"I believe that as our next governor, I can have a bigger impact
addressing the unique challenges and opportunities that we face in
Louisiana — helping us fully reach our full potential," the social
conservative said in a YouTube video announcing his candidacy.
If successful, he would replace current governor Bobby Jindal, who
has run up against term limits and is viewed as a potential
candidate for the Republican presidential nomination in 2016.
Vitter, 52, intends to stay in the Senate while he campaigns for
Louisiana's top office, his spokesman said. That would ensure his
decision will not affect the Senate's balance of power in the 2014
congressional elections in November.
Democrats currently control the Senate, 53-45, plus two independent
senators who caucus with the Democrats.
Vitter's second, six-year term expires at the end of 2016.
Vitter said he has been preparing for his gubernatorial run with a
series of town halls and other meetings across the state and pledged
to improve education and make Louisiana more attractive to growing
"We'll do it by reforming taxes and spending, spurring economic
growth and creating budget stability," he said, adding that
governorship would be his "last political job, elected or
Vitter weathered a sex scandal during his first term and won
re-election in 2010. In 2007, he admitted to "a very serious sin"
and apologized after he was linked to a Washington escort service.
Vitter's phone number was found five times in phone records dating
from 1999 to 2001 for "D.C. Madam" Deborah Jeane Palfrey, who is
accused of running a prostitution ring in Washington, the New
Orleans Times-Picayune reported at the time. Palfrey has said she
operated a legal escort service.
Vitter said at the time he and his wife confronted the issue and
sought marriage counseling. He accused enemies of dredging up the
scandal to hurt him.
The allegations stunned many in Louisiana because Vitter, a Harvard
graduate and Rhodes scholar, was a highly visible social
conservative who championed family values and ardently opposed
abortion and gay marriage.
CONSERVATIVE BILLS, NO LAWS
Last year, Vitter introduced more bills — 67 — than any other member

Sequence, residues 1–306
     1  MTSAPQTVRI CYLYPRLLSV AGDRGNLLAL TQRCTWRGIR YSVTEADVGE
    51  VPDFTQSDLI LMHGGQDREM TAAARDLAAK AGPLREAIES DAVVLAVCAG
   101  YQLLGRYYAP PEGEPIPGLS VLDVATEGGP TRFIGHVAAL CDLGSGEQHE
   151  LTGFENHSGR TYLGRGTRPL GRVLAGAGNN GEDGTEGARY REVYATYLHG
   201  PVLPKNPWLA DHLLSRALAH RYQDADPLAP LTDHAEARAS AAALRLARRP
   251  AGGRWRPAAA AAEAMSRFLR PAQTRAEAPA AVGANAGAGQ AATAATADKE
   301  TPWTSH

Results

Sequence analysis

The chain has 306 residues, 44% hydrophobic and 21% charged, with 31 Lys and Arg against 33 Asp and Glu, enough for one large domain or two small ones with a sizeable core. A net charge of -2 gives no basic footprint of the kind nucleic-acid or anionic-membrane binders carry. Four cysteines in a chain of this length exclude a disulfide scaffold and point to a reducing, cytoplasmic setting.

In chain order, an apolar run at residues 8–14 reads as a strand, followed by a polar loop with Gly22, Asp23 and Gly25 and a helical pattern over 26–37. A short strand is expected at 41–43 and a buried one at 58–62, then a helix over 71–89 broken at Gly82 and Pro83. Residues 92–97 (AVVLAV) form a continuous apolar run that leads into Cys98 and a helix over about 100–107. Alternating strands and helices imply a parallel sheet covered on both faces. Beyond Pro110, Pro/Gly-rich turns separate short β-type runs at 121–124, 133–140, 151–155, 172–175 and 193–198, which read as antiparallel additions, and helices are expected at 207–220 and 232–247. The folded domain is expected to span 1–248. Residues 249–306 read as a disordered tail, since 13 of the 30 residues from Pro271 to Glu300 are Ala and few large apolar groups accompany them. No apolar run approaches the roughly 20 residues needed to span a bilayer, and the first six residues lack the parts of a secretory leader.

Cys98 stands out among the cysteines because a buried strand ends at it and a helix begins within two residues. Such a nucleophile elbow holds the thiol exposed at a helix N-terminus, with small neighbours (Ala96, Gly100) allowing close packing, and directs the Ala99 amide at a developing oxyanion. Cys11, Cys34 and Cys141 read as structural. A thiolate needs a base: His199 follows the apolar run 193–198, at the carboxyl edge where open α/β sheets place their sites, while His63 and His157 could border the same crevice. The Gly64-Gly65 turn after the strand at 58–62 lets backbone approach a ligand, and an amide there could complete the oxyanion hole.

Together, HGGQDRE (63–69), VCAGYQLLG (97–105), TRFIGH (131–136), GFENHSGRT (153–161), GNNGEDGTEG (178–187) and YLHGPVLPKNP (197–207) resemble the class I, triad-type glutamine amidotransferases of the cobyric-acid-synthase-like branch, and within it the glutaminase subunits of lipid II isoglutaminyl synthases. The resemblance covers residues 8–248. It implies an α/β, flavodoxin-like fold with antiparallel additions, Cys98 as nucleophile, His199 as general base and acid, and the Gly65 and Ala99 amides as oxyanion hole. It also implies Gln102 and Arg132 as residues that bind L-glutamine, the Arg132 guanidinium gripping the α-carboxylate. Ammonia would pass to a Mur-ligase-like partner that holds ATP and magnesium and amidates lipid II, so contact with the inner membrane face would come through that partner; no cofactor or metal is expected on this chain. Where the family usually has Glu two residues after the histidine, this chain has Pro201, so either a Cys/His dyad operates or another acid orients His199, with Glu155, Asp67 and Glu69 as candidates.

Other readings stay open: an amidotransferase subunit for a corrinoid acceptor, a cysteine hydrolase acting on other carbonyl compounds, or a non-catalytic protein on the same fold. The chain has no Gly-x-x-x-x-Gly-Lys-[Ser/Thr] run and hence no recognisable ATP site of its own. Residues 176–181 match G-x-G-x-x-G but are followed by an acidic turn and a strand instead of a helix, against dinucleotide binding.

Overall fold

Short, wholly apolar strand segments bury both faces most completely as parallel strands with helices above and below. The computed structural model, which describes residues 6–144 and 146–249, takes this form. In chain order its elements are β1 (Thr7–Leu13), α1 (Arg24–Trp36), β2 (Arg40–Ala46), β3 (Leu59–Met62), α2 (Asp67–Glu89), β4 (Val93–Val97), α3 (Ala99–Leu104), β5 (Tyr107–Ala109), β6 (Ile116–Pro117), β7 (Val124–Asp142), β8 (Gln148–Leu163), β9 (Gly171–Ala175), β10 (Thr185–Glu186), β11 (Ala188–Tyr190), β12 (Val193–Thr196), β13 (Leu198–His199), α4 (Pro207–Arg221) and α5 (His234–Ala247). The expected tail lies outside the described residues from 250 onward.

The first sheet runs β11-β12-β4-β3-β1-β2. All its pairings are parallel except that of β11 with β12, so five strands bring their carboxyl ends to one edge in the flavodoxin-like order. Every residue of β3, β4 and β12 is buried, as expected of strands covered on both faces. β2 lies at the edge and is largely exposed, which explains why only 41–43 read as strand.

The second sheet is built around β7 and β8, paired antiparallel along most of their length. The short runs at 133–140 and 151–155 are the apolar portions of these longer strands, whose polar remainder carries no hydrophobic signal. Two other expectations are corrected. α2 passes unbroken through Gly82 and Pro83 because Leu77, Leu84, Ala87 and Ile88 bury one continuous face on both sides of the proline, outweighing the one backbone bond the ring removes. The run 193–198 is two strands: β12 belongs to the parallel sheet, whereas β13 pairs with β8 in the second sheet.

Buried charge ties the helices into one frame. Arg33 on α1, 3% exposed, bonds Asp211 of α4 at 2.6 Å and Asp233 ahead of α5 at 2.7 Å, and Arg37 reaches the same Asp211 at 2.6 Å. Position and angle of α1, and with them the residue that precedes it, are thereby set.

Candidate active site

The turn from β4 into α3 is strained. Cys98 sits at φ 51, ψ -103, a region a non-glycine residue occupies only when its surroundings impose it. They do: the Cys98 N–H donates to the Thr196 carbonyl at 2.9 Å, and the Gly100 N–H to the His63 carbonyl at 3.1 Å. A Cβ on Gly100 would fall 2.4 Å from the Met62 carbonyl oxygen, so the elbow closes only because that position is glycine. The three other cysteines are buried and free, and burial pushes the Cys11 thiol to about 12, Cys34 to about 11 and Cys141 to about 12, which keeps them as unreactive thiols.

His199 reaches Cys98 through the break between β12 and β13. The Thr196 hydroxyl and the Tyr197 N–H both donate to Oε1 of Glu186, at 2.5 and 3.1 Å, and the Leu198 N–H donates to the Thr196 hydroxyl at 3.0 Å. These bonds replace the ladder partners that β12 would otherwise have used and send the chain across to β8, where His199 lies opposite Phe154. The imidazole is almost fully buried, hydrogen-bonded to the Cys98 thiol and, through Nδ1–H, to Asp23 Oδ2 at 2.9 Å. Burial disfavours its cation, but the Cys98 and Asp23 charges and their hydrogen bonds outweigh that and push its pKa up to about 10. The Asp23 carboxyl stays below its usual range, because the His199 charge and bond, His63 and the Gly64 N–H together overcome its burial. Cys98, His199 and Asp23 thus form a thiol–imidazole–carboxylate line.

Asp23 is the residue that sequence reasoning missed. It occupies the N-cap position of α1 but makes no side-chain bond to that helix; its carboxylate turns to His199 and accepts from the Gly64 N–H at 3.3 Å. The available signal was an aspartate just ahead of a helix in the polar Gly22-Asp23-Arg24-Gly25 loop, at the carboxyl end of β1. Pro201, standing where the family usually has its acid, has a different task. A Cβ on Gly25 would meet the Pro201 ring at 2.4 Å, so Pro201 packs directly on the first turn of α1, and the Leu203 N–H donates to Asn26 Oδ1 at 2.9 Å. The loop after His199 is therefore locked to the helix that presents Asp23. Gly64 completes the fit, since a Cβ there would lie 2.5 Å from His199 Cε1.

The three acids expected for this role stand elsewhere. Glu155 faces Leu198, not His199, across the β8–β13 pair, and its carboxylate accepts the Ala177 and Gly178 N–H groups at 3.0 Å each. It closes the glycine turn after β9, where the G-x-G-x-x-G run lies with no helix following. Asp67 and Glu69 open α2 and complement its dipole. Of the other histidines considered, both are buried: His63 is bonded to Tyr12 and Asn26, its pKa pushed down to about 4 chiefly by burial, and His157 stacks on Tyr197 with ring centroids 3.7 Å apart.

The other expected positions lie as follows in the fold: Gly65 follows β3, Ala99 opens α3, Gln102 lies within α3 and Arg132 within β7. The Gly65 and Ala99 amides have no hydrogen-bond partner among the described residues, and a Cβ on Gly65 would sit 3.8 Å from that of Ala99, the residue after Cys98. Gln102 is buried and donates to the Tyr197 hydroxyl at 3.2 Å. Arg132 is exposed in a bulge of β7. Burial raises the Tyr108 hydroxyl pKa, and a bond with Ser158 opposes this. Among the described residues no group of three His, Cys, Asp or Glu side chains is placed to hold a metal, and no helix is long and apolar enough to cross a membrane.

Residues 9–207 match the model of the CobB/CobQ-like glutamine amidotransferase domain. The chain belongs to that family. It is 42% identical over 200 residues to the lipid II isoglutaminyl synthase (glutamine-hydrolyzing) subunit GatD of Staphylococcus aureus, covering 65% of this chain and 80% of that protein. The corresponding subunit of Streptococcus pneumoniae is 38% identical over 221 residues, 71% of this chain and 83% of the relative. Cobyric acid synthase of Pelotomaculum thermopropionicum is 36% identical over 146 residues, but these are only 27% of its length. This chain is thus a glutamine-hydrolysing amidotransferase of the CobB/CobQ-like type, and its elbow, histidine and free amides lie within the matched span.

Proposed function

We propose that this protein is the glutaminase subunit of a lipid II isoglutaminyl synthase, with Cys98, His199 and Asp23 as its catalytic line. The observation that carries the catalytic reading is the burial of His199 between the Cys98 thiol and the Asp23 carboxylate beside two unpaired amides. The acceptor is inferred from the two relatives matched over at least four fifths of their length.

of Congress, but none were enacted into law, according to Govtrack.us, an independent political tracking website. Many of the
proposals reflected conservative political causes, including
restrictions on abortions and prohibitions on regulation of U.S.
[to top of second column]
During the autumn battle over the government shutdown, Vitter gained
notoriety for proposing that members of Congress, their staffs and
top Obama administration officials be required to purchase health
insurance on the so-called "Obamacare" exchanges with no subsidies,
arguing that this was a hardship that would prompt Congress to
change the healthcare reform law.
His proposal was not adopted, but some lawmakers are voluntarily
buying insurance on the Affordable Care Act exchanges.
To win the governorship in 2015, Vitter would have to defeat a
declared Republican opponent, Lieutenant Governor Jay Dardenne.
Republican state Treasurer John Kennedy also has said he is
considering entering the race.
On the Democratic side, state Representative John Bel Edwards has
declared his candidacy. Many in the state also are watching to see
whether popular New Orleans Mayor Mitch Landrieu decides to run.
Landrieu, a Democrat who has presided over the city's rebuilding
after a devastating 2005 hurricane, is expected to win a third
mayoral term on February 1, with an endorsement from President
Barack Obama. He is the brother of Louisiana's Democratic senator,
Mary Landrieu, who also is seeking re-election in November.
LaPolitics.com, a state political website, in December reported poll
results showing that Vitter would lead a theoretical three-way race
with Landrieu and Dardenne, with 35 percent of the vote.
In Louisiana's open primary system, all candidates run together in a
single election. If one fails to reach a majority, a runoff is held
between the top two vote-getters, regardless of party affiliation.
(Reporting by David Lawder; editing by Amanda Kwan and Jim Loney)
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